If Donald Trump and other Republican leaders in Washington get their way, we could soon be living in a post-Obamacare world.
The federal health care law is undoubtedly controversial on both sides of the aisle. But it has also extended coverage to millions of Americans in recent years. It has also added strong protections for patients, such as ones with so-called “pre-existing conditions.”
What happens to patients who benefit from Obamacare in Michigan if those provisions of the law are rolled back?
And what did the health care landscape look like in Michigan before the law was adopted? Would we go back to those days and those old health care debates? Or would we have to start over from scratch?
“What the (GOP proposal) is supposed to do is deal with the problem that premiums — even though they haven’t been increasing as fast as they did prior to Obamacare — they are still increasing and a lot of people are finding that, with copays and whatnot, that’s unaffordable,” says Rick Pluta, state Capitol bureau chief for the Michigan Public Radio Network.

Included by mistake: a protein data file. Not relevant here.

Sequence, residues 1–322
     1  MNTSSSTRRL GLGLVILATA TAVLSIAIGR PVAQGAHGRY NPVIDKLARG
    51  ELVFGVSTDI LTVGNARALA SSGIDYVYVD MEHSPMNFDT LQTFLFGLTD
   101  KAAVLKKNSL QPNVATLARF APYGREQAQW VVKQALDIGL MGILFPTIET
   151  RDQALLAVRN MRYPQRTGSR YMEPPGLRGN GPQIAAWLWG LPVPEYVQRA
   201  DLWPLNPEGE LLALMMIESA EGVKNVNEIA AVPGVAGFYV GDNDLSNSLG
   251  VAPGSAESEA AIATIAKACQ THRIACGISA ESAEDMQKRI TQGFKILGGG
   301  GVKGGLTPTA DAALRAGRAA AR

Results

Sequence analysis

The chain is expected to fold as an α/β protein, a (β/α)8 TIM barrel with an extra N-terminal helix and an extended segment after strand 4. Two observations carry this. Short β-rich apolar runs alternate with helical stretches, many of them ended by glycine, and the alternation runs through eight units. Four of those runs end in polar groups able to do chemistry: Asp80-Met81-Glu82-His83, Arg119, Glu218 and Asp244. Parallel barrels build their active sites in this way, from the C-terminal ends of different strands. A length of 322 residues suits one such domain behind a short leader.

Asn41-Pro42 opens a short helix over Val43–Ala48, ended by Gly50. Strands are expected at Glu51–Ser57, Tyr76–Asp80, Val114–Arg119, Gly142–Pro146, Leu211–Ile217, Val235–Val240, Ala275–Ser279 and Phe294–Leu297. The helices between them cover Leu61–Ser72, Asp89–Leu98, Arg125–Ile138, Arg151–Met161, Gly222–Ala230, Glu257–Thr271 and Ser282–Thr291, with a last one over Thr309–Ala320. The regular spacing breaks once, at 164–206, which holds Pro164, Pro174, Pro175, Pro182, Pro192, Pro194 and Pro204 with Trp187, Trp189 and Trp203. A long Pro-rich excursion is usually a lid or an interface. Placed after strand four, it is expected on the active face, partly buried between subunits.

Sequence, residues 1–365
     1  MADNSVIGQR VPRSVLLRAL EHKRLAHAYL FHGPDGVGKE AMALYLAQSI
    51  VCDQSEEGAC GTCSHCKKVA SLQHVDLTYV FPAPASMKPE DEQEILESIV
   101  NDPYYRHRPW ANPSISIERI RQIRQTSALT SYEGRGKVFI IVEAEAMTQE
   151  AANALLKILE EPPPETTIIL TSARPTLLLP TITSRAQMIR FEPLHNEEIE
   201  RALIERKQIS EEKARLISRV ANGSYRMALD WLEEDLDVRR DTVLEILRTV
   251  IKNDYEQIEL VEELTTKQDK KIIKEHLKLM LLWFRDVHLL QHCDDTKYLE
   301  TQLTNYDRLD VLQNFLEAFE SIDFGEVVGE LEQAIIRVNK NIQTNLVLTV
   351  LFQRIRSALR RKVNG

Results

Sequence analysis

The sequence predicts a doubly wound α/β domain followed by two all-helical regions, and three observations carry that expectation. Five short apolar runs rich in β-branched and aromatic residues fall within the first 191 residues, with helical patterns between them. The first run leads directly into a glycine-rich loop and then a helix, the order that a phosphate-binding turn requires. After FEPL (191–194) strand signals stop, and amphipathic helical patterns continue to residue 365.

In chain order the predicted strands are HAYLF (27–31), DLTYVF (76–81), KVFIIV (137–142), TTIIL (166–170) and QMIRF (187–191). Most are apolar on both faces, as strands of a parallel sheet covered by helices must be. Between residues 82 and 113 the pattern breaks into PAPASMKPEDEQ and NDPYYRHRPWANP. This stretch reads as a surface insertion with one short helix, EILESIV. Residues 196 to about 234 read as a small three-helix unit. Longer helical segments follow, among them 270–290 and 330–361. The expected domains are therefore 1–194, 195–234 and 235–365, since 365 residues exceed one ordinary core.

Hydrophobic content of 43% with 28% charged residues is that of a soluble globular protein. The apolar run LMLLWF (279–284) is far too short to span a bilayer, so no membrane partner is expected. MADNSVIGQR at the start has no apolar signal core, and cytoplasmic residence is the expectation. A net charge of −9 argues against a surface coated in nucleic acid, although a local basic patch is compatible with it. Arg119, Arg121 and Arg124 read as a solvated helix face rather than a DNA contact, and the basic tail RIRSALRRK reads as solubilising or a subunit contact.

Marianne Udow-Phillips, director of the Ann Arbor-based Center for Healthcare Research & Transformation, tells Detroit Today host Stephen Henderson that she’s concerned about the possible effects of the plan here in Michigan. About 600,000 people have signed up for coverage under Michigan’s Medicaid expansion, which would likely be eliminated under the legislation.
“It would be a really serious problem for the state,” says Udow-Phillips. ”It would shift a lot of cost to the state. And it would cause a lot of people to lose coverage in the Medicaid market.”
Click on the audio player above to hear the full conversation.